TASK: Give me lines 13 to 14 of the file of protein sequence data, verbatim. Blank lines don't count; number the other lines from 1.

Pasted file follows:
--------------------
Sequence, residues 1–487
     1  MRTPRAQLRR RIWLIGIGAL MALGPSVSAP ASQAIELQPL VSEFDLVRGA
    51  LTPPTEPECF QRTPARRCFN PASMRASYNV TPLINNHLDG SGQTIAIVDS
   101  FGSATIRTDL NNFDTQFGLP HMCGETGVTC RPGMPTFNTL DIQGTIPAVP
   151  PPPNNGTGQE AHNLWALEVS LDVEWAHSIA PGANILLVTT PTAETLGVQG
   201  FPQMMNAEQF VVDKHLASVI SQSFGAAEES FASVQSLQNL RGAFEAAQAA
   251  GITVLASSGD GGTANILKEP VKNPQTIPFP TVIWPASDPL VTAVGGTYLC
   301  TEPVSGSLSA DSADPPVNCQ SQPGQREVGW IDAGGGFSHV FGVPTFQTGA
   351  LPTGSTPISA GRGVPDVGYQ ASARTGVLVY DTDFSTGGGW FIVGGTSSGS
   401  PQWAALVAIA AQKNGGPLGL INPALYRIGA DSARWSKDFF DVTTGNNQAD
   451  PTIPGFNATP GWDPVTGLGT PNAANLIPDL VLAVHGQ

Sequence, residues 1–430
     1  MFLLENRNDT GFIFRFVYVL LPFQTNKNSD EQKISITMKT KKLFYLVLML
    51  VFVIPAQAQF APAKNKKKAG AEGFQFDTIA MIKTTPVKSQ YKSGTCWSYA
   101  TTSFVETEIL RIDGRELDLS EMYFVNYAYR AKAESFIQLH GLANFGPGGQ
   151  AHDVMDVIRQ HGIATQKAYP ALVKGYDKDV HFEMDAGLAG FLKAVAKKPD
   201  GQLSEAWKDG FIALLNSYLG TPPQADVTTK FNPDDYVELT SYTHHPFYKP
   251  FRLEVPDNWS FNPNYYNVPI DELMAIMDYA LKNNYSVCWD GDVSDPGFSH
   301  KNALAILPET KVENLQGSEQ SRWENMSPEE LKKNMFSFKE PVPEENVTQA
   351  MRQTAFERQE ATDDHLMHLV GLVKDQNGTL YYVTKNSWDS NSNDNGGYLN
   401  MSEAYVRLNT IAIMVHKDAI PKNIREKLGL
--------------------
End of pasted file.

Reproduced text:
     1  MFLLENRNDT GFIFRFVYVL LPFQTNKNSD EQKISITMKT KKLFYLVLML
    51  VFVIPAQAQF APAKNKKKAG AEGFQFDTIA MIKTTPVKSQ YKSGTCWSYA